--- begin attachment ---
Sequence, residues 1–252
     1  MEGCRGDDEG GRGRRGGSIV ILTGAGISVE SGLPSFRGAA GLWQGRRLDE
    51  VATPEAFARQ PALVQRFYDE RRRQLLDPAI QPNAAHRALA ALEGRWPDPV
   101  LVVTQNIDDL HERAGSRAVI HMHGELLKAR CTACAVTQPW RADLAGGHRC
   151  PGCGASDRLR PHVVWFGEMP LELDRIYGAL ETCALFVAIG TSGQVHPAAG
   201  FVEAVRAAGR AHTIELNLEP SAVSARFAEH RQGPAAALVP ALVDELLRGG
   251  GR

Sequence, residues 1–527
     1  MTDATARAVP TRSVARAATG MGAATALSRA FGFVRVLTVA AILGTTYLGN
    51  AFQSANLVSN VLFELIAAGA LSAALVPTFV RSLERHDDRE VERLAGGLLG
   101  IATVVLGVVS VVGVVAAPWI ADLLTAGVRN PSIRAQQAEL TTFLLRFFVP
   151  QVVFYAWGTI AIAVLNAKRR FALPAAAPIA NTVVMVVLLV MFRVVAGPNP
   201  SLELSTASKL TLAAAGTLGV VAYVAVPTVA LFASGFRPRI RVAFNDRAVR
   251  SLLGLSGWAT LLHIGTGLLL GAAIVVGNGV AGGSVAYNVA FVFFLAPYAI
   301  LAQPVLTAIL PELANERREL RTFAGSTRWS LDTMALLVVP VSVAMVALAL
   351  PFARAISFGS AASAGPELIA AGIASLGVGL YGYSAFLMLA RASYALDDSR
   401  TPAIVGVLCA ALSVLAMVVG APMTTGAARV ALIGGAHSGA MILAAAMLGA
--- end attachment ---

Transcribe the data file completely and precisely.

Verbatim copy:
Sequence, residues 1–252
     1  MEGCRGDDEG GRGRRGGSIV ILTGAGISVE SGLPSFRGAA GLWQGRRLDE
    51  VATPEAFARQ PALVQRFYDE RRRQLLDPAI QPNAAHRALA ALEGRWPDPV
   101  LVVTQNIDDL HERAGSRAVI HMHGELLKAR CTACAVTQPW RADLAGGHRC
   151  PGCGASDRLR PHVVWFGEMP LELDRIYGAL ETCALFVAIG TSGQVHPAAG
   201  FVEAVRAAGR AHTIELNLEP SAVSARFAEH RQGPAAALVP ALVDELLRGG
   251  GR

Sequence, residues 1–527
     1  MTDATARAVP TRSVARAATG MGAATALSRA FGFVRVLTVA AILGTTYLGN
    51  AFQSANLVSN VLFELIAAGA LSAALVPTFV RSLERHDDRE VERLAGGLLG
   101  IATVVLGVVS VVGVVAAPWI ADLLTAGVRN PSIRAQQAEL TTFLLRFFVP
   151  QVVFYAWGTI AIAVLNAKRR FALPAAAPIA NTVVMVVLLV MFRVVAGPNP
   201  SLELSTASKL TLAAAGTLGV VAYVAVPTVA LFASGFRPRI RVAFNDRAVR
   251  SLLGLSGWAT LLHIGTGLLL GAAIVVGNGV AGGSVAYNVA FVFFLAPYAI
   301  LAQPVLTAIL PELANERREL RTFAGSTRWS LDTMALLVVP VSVAMVALAL
   351  PFARAISFGS AASAGPELIA AGIASLGVGL YGYSAFLMLA RASYALDDSR
   401  TPAIVGVLCA ALSVLAMVVG APMTTGAARV ALIGGAHSGA MILAAAMLGA